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How To’s for Pastured Poultry Egg Production Success

By   /  May 30, 2016  /  Comments Off on How To’s for Pastured Poultry Egg Production Success

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Kevin Ellis NCATDemand for eggs from pasture-based poultry is increasing. Setting up and operating a system in which laying hens forage and range outdoors can be quite an undertaking, but can yield benefits such as boosted soil fertility, farm diversification, increased animal welfare, and eggs with increased nutritional value.

Some of the key elements of pastured-poultry egg production are poultry nutrition, predator control, natural-resource management, marketing, and biosecurity. Management decisions on these topics are critical to the success of the enterprise, and are unique to each farm.

The first step to starting a productive flock is to determine which breed will be the best fit for a farm and its climate. Egg-laying breeds used on pasture need to keep laying a steady supply of eggs while being efficient foragers. Very good egg layers include Leghorns; Bovans Browns; Rhode Island Reds; and Gold, Black, and Red Stars.

Heavier-bodied birds with more feathers usually survive better in areas that receive cold weather. Smaller-bodied chickens tend to do better in climates where it can be hot for weeks at a time.

In summer, poultry production problems can arise as a result of high heat, especially when temperatures rise abruptly. Keeping birds adequately watered is the easiest way to help keep them cooled. On the other hand, colder weather also brings obstacles for raising pastured poultry. Some producers move the flock off pasture, to a warmed house.

A pastured flock can obtain only enough forage to satisfy 5% to 20% of the birds’ daily nutritional requirement. Feed rations are necessary to ensure optimum growth, a consistent lay rate, and sustained health of a laying flock. Genetics play a role in exactly how much nutrition a bird can get from forages. Some breeds, such as Leghorn, American Gamefowl, New Hampshire, Barred Rocks, and Dominiques, prefer to look for their own feed.

Laying hens have different nutritional requirements depending on their stage of growth. A flock should have access to feed at all times, and poultry also need cool, clean water.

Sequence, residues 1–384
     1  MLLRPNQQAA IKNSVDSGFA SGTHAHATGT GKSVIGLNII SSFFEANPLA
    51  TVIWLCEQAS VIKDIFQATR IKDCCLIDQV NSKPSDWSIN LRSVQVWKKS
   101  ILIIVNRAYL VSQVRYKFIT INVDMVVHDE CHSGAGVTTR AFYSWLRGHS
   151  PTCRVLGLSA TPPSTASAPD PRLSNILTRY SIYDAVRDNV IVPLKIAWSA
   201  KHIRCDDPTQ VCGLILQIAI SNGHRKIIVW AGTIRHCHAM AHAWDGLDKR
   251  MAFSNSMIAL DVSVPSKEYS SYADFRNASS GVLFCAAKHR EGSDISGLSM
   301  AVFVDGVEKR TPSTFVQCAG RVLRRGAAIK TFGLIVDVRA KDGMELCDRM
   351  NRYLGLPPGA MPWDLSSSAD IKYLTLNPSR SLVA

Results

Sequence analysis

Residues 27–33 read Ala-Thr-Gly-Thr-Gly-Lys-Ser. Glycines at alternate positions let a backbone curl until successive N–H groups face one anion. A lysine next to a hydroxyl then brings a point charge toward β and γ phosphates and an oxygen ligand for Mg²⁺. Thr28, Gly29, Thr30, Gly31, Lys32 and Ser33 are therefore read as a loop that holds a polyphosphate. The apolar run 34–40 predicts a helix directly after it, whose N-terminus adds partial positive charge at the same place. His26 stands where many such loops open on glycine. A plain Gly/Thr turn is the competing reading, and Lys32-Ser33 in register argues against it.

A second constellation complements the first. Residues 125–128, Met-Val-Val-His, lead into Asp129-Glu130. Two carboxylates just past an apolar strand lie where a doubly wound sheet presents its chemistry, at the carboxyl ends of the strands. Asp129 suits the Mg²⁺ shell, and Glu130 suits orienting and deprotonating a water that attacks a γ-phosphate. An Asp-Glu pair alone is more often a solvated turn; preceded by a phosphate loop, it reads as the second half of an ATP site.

Proper shelter is essential to ensure that the flock will survive, thrive, and lay eggs for as long as possible. There are two main systems of pastured poultry housing: fixed and mobile. Fixed housing typically consists of a coop in the middle of a large area of pasture, with multiple doors that open into different paddock sections to allow for controlled pasture rotation. The most popular housing system for pastured poultry is a mobile coop on wheels or skids. This housing allows a producer to move a flock around with ease, either by hand or with an ATV or tractor.

Poultry on pasture prefer medium to short forages. If the forage is tall, either ruminants should be grazed in the paddock before poultry or the area should be mowed. Surrounding the foraging area with fencing can help provide protection, while keeping a flock within a certain part of the pasture.

When implemented with planning and care, a pastured poultry system can offer benefits in animal welfare and environmental conditions. To be profitable, a pastured poultry enterprise must be well planned, and its success depends on a wide variety of conditions, including facilities, equipment, and labor. Pastured poultry, if implemented correctly, can increase the overall value of a farm, while providing a quality, nutritious product to consumers.

More details on pastured poultry egg production are provided in the publication Pastured Poultry: Egg Production, one of the many free and low-cost resources available online from the National Center for Appropriate Technology’s ATTRA Sustainable Agriculture program.

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About the author

Kevin holds a Bachelor’s in Poultry Science from Texas A&M University, and worked there as a research assistant specializing in nutrition and animal health. He was also a member of two national championship winning teams in collegiate poultry judging, including a first overall individual ranking, and won a proficiency award from the Future Farmers of America for raising poultry. Prior to joining NCAT, Kevin worked with Garden Harvests Farm, a Texas organic CSA. When not thinking about poultry, he likes to read and cook, and he collects music records.

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